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hsosdrummer

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  1. The one movie that, if I surf to it I stop and watch it through to the end EVERY SINGLE TIME is Back To The Future. "You bet your a$$ it works."
  2. [My] Dodgers played like shit — couldn't pitch (except for Hill and Buehler, who's a STUD), couldn't hit in the clutch, couldn't make adjustments. Add to that some incredibly bad managerial decisions (like using Jansen in the 8th inning twice, pitching to Pearce in Game 5 and pulling Hill in Game 4) and it's a wonder that we won even one game. 😠
  3. The reason you don't see K-horn setups with sidewall treatments is that placing a K-horn (or a LaScala, for that matter) in a corner with proper toe-in spills relatively little energy beyond the outside walls of the MF and HF horns. Typical direct-radiator speakers need 1st-reflection treatment because compared to a well-designed horn they spray sound all over the place (even if placed in corners with proper toe-in, although that would considerably reduce reflections created by the spillage). Diffusion at at the 1st-reflection points will almost always sound more natural than absorption. If the 1st-reflection points are really causing problems in your setup, you can begin by placing something portable with an irregular surface (a small bookcase would be ideal) at the first reflection point, which would act as a diffuser. The reason I recommend starting with something portable is that you may very well find that you prefer the sound without the treatment. If the treatment does make things better, you can replace the bookcase or other temporary doohickey with a purpose-built diffuser, for which a Google search will reveal tons of options.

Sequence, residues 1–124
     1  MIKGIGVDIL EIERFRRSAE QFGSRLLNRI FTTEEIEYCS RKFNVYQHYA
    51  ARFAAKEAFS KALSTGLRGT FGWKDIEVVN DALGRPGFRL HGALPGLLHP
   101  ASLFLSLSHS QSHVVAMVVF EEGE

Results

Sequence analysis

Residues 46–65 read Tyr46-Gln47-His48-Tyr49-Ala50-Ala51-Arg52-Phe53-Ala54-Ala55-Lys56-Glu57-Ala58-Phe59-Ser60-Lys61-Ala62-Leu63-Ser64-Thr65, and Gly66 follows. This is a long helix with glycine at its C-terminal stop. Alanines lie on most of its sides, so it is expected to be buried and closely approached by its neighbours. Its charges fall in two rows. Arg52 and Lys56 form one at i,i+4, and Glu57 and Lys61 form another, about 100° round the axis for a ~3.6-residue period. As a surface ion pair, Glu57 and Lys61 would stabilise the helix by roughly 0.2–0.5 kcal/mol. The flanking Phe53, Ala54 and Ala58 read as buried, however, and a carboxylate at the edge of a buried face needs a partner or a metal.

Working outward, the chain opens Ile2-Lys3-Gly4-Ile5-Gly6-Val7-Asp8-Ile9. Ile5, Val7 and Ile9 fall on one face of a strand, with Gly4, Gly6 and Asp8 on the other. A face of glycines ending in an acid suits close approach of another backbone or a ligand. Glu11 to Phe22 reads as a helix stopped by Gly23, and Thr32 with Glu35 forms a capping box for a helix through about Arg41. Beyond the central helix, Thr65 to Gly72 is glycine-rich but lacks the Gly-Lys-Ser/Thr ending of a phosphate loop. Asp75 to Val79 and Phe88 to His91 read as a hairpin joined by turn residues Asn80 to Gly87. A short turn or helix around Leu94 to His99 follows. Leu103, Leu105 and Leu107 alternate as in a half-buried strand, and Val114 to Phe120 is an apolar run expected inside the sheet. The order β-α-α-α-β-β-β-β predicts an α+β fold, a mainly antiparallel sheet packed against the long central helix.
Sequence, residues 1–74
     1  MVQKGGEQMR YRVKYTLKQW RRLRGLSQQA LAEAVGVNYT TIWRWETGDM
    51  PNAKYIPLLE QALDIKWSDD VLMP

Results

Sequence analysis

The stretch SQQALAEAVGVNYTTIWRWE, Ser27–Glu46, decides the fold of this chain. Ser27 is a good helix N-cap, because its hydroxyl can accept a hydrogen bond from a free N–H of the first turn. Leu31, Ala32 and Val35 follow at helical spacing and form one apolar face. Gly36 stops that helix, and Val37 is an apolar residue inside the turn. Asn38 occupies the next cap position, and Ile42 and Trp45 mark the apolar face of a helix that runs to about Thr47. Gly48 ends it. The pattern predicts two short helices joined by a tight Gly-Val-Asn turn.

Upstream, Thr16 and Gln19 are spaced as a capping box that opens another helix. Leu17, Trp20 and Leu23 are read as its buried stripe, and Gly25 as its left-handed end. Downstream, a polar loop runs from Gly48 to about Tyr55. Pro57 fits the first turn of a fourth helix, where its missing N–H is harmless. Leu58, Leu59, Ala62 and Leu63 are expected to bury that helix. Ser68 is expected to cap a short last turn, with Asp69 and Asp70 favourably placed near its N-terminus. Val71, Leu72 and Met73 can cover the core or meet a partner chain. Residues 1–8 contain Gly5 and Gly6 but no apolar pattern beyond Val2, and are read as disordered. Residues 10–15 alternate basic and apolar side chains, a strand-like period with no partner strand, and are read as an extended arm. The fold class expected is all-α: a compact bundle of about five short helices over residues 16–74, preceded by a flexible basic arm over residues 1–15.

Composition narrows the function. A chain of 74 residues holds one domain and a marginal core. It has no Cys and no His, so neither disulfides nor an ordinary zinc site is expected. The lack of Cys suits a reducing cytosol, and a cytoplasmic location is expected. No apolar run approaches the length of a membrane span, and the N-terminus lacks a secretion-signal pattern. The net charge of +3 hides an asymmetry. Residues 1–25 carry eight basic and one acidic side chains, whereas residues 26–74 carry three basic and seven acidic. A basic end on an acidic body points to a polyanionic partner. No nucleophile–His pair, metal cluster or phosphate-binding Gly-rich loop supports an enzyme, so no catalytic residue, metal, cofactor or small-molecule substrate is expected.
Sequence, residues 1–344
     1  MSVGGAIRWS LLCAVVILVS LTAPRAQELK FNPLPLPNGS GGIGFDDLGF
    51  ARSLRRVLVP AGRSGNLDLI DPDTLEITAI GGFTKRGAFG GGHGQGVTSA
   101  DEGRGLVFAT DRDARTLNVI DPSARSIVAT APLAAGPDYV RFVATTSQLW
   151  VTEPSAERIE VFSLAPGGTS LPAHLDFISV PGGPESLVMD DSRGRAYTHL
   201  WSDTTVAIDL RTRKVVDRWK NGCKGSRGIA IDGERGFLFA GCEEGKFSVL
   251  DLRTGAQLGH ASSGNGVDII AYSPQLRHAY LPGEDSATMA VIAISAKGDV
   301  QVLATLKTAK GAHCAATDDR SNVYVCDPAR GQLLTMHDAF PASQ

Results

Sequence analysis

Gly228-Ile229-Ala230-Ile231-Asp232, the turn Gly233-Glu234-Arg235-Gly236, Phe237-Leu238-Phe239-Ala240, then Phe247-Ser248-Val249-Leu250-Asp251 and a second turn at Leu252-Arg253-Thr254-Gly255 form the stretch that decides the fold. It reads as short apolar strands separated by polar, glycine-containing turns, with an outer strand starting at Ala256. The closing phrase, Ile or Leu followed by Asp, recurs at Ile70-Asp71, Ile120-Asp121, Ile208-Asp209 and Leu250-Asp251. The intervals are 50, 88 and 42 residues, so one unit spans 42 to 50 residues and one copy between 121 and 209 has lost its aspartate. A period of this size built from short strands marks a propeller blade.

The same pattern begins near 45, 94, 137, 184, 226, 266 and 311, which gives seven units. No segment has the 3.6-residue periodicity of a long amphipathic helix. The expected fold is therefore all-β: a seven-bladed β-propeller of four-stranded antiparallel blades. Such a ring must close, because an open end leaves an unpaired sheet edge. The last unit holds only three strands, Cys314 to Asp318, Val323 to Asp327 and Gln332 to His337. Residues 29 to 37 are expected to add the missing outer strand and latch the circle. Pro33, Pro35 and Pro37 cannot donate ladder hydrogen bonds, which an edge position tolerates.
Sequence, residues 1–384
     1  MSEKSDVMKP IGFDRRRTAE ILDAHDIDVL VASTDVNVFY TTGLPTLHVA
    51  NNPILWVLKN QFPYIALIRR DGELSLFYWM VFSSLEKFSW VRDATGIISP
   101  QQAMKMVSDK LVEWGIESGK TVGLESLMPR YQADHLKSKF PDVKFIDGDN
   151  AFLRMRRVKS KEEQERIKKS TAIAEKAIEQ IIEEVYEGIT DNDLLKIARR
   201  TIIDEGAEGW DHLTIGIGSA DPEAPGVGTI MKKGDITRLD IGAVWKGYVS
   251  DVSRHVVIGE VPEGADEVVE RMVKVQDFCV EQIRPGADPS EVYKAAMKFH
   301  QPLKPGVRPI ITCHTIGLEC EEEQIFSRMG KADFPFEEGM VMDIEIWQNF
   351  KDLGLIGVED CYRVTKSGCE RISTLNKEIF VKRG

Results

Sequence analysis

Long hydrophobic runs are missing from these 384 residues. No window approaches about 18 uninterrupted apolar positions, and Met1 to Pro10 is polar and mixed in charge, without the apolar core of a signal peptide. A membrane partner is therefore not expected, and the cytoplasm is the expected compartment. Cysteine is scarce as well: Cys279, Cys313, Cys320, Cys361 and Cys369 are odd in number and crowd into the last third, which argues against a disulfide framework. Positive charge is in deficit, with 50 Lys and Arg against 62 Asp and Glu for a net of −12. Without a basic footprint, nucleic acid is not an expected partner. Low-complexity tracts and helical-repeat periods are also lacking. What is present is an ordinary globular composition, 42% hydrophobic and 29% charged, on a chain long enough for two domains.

4. I play one of the California Lottery games (SuperLottoPlus) to the tune of $1 per game (2 games a week = $104/per year) and have been doing so ever since the lottery was legalized here in 1987. I've played the same 6 numbers since I started (one of the numbers is my age, so that one changes every year). I do it not because I expect to win or because I'm bad at math (which I'm not), but so that when I every so often dream of being truly rich I have a one in 41 million chance of that dream coming true, twice a week. ('Cause believe you me, that's the ONLY way I'll ever be truly rich.) That one in 41 million chance is worth $104 a year to me.
  5. On May 23, 2002 Shawn Green hit 4 homers in a single game for the L.A. Dodgers against the Brewers. He also hit a double, for 5 extra-base hits and 19 total bases in a single game.
  6. Unfortunately the tour doesn't come within 2.000 miles of L.A., so I guess I'll miss him. But I did get to see him: November, 1968 (Truth tour) Spring, 1971 (Rough and Ready tour) Fall, 1980 (There and Back tour) Spring, 1999 (Who Else tour) So I'm OK with missing this one.
  7. The curved vocal array and drum stacks used none other than the venerable EV T35 tweeter. (If it was good enough for PWK...) At the time the only JBL tweeter available was the 2402 (the silver bullet), but since its dispersion was 40 degrees conical at 10kHz, it wouldn't work at all in an array. The 2405 (the slot with the wedge) could have been arrayed if mounted with the slot oriented horizontally (its dispersion was 25 degrees vertical and 90 degrees horizontal), but I don't think it was developed until after The Wall had been retired.
  8. When PWK was at the AES convention in L.A. in 1979 to accept his silver medal award, the Klipsch factory rep for So, California arranged for me to have a private lunch with him. Among other things, at that lunch I asked PWK what the dims of the K-Horn woofer would be if it were a straight horn. He took out his notebook, made a few calculations and drew the horn in sections, from throat to mouth. The dims were around 7 feet deep, with a mouth around 6.5 feet by 6.5 feet (I have a photocopy of that notebook page in my Klipsch papers at home). So imagine the Klipschorn tweeter and midrange horns suspended above a 6.5' x 6.5' horn mouth opening in the corner, with the woofer driver at the throat of a horn extending 7 feet behind the mouth opening. Based on this I think Heyser's numbers are in the ballpark.